Review: Parallels Desktop 12 for Mac

Parallels Desktop 12 for Mac_Box_EN_2D

Let’s be clear on one thing. I am not an Apple user. I understand the basics of how it runs, and I figured out early that most of the configurations are indiscernible to prying eyes or mouse-clicks unless you are the owner of the Apple device.

I jumped at the chance to co-habit with a Macbook Air for three weeks. It was a good experience that now leaves me with the crave to own a Macbook Pro. I grew up with Windows, and I learnt to use all the tools in Windows. When I had the opportunity to use a Macbook Air, one of the first thing I did was to head straight to the Control Panel, to create a separate Admin and User account.

Indeed, I think regardless of the operating system you used; this should be a practice to preserve. My experience using FreeBSD with a previous company taught me the importance of operating with just a user access while activating the administrative privilege via su or sudo.

Buying Windows 10 in Parallels Desktop12__screen2of2I have always maintained the statement that “on the first Apple device I use, I will run Windows on it!”. Well, in a way, I let that statement manifest, after installing Parallels Desktop 12 for Mac and then launching the application to install Windows 10.

Parallels Desktop 12 for Mac, is more than just a virtual machine viewer or player. Parallels have enabled close integration with the Mac OS and also provided the option to launch a Windows application directly from the Mac interface – without booting into Windows as you will with Boot Camp.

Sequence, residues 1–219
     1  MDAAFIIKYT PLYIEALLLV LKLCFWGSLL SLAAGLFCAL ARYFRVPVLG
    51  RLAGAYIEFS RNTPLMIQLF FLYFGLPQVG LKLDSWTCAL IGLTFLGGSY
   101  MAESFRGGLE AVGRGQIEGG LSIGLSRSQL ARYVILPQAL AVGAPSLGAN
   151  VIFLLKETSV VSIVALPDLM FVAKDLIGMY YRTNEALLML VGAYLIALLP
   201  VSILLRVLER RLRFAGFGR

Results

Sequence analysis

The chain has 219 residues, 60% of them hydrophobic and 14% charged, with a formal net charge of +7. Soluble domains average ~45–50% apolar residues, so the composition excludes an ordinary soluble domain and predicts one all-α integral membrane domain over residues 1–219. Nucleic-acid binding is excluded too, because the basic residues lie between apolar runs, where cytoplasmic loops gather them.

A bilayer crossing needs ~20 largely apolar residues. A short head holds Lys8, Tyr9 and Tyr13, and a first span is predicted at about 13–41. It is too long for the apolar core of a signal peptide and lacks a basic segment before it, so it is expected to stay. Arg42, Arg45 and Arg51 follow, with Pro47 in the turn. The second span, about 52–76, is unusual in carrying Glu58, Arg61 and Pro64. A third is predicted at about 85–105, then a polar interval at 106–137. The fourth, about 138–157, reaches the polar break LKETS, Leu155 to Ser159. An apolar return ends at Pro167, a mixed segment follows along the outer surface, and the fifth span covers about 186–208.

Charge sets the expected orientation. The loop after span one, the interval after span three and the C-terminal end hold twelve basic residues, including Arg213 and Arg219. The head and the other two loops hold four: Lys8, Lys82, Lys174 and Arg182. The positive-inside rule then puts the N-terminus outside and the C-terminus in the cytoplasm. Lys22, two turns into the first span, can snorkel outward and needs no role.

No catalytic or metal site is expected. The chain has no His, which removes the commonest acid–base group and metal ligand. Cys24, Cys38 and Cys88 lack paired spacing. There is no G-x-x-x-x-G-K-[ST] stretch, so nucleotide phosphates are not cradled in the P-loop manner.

Parallels Desktop 12 for Mac, enables you to not only install Windows 10 but other older flavours of Windows. You can also install any of the Linux distributions. If needed, you can also install older and newer beta versions of the Mac OS! This ability depended on the system capability and storage space of the host machine. With the Macbook Air, I had only one choice – Windows 10.

 

The image above is an example of using the Microsoft Edge Browser, directly on the Mac OS. There is a function called Coherence. Coherence is where you run a Windows application directly on the Mac OS system. If you have seen the video, you will know that on powerful computers like the Mac Pro or Macbook Pro, you can launch Overwatch directly. The unique situation here is that at the time of this post, there are no Mac OS versions of Blizzard’s latest game, Overwatch. Coherence enabled users to play Overwatch in a native way on your Mac devices.

If you happened to use your Mac computers in the office environment, you might have a need to install accounting packages – based on the Microsoft Windows operating systems. Enabling Coherence meant that be it Overwatch or accounting software, your choice of system will not be limited to just operating systems or physical facilities of the Mac computer, you can install any applications you want – and it will run as per normal.

Parallels Desktop 12 for Mac handles all the operations behind the scene, so it appears to be a smooth handover of Windows applications.

Do you have any questions about Parallels Desktop 12 for Mac? Let me know in the comment box below, and we will respond and publish your questions accordingly.

 

In the meantime, please visit http://parallels.com/trial12 to get a copy to try out. Have fun!

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